The rug weaving techniques carried by artisans in India today, date back to the 16th Century. In the State of Uttar Praddesh where our Slow Weave collection has been made, you will find the most talented weavers in the world.
The artisans are proud about their heritage and their ancient expertise. Each rug is delicately and lovingly crafted, providing us with rugs that tell a remarkable story of devotion to craftsmanship that can't be replicated by any machine.
At Rugs For Good, we are passionate about supporting the continuation of these ancient skills by focusing on handcrafted rugs made fairly & ethically.
S T E P 1
The dyeing is done by master colour specialists who have refined their skills through generations. Dyeing is done by turning the wool through cauldrons of dye that sit above a wood fire. In large batches, that are processed in a trough with the fibre hung over thick bamboo sticks. It is then dried in the sunshine out in the rural fields of Bhadohi.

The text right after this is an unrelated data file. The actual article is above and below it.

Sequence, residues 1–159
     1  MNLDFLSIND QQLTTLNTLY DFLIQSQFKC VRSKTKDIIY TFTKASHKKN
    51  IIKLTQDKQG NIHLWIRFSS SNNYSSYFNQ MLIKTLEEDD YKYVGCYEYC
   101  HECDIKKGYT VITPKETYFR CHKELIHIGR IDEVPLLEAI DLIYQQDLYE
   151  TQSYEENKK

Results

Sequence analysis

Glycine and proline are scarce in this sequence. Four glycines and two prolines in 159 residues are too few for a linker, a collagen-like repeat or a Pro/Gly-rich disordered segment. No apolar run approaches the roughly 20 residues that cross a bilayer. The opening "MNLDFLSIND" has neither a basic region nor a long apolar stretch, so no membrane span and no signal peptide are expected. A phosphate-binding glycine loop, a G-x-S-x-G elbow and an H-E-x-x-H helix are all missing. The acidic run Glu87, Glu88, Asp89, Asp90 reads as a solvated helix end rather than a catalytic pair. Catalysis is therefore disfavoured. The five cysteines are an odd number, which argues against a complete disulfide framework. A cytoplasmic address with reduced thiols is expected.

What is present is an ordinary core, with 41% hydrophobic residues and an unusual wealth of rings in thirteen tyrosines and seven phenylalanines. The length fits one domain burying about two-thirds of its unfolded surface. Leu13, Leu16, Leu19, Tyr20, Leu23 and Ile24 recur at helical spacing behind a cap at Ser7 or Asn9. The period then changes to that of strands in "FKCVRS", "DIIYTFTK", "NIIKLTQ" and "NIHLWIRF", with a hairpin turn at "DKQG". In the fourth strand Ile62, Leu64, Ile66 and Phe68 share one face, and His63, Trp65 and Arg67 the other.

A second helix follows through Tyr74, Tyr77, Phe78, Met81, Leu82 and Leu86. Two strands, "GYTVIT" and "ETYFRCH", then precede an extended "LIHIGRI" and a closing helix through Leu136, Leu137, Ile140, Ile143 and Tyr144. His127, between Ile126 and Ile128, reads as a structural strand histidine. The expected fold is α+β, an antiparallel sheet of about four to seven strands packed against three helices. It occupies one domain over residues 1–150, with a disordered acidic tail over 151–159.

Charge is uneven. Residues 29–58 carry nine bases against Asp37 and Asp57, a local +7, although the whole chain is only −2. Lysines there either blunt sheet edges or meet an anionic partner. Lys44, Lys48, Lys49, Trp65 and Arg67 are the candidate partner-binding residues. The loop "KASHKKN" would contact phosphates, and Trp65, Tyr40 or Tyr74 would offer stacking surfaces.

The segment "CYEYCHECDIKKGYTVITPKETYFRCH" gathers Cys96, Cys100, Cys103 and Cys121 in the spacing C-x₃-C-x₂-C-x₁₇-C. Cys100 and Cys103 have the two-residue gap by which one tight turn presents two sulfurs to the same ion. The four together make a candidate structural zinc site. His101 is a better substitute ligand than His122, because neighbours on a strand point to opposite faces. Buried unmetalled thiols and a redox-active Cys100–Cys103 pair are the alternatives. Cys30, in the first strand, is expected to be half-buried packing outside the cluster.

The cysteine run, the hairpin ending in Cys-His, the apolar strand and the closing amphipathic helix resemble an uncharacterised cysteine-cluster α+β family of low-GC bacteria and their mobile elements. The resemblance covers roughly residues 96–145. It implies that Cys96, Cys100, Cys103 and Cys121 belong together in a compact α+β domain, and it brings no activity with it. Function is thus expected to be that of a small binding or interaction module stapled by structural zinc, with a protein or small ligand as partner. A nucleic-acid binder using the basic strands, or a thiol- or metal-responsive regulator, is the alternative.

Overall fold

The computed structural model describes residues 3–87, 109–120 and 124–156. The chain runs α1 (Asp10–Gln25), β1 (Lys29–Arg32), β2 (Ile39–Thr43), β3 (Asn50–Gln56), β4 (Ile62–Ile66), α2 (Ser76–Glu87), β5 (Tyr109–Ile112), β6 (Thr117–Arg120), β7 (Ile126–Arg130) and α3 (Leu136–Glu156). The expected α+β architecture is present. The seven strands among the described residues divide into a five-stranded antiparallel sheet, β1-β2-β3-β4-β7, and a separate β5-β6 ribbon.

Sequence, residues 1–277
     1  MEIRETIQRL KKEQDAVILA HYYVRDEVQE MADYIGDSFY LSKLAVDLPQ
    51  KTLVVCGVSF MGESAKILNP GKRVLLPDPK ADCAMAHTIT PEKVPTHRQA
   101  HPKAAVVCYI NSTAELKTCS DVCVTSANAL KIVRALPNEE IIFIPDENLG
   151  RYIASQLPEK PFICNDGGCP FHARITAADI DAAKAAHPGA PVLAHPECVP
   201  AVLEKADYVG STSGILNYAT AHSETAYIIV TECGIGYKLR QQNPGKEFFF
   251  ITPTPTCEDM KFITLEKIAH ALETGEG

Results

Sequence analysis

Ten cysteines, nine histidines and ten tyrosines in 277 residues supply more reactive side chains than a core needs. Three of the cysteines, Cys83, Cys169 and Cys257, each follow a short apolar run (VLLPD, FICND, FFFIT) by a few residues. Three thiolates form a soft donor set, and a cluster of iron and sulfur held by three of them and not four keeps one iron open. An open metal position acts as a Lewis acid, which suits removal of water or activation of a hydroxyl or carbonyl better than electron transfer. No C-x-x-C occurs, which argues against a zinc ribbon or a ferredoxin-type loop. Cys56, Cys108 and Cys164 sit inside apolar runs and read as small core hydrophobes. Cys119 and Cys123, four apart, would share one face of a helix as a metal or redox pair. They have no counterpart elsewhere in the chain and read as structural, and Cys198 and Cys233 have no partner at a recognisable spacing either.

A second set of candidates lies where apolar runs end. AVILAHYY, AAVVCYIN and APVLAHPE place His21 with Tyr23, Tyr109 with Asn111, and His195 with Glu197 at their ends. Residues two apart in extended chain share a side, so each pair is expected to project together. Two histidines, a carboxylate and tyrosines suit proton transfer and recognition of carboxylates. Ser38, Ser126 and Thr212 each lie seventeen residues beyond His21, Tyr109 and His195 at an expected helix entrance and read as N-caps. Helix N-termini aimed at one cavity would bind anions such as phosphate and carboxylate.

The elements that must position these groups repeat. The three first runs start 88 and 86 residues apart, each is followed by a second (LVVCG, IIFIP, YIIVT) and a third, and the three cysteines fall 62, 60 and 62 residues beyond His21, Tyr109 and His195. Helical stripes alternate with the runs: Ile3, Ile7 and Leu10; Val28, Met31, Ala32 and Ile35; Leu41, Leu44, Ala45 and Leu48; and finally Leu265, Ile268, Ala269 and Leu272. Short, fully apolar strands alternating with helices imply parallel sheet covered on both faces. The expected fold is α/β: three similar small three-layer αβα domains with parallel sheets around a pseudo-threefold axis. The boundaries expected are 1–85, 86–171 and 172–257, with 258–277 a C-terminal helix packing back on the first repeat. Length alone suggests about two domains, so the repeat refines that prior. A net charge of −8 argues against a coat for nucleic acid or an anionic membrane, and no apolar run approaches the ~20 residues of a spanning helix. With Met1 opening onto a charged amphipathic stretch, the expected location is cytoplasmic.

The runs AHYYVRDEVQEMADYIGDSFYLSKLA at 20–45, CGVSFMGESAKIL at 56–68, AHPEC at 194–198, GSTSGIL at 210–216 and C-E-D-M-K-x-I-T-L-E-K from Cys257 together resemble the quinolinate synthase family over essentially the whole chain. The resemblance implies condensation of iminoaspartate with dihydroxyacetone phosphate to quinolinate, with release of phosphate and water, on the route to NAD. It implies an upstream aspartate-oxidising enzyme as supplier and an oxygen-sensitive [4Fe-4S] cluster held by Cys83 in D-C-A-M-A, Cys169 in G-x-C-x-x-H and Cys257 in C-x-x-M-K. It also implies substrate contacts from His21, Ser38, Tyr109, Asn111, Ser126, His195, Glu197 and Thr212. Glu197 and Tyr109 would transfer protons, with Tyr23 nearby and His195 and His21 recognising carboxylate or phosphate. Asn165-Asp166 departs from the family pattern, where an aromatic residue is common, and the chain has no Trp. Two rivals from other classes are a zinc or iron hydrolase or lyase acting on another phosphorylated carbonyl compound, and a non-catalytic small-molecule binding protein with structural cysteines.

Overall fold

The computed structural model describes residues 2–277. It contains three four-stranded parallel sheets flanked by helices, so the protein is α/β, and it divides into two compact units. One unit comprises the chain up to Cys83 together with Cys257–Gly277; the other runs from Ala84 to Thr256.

S T E P 2
Wool and viscose are still hand spun using wooden or copper spindles.
S T E P 3
Our rugs are hand-knotted, braided or flat-woven. Often, with a few weavers sharing the workload of a single rug. One rug takes approximately 25-30 days to create, with the weaving process being the longest.
Up to three weavers sit side-by-side at the looms, meticulously weaving one single knot at a time with the kind of care and attention that can only come from a sense of pride of their level of craftsmanship.
S T E P 4
The washing of one rug can take up to 4 hours. It is done outside with buckets of soapy water and wooden paddles are used to squeeze out the water. It is then combed to remove any loose fibres and is rinsed the same way. It is then hung out to dry in the fields on large bamboo sticks.
S T E P 5
This involves stretching, binding, dry washing, trimming and clipping. A manual process that ensures the rug is finished at the highest standards and to promote its durability.
S T E P 6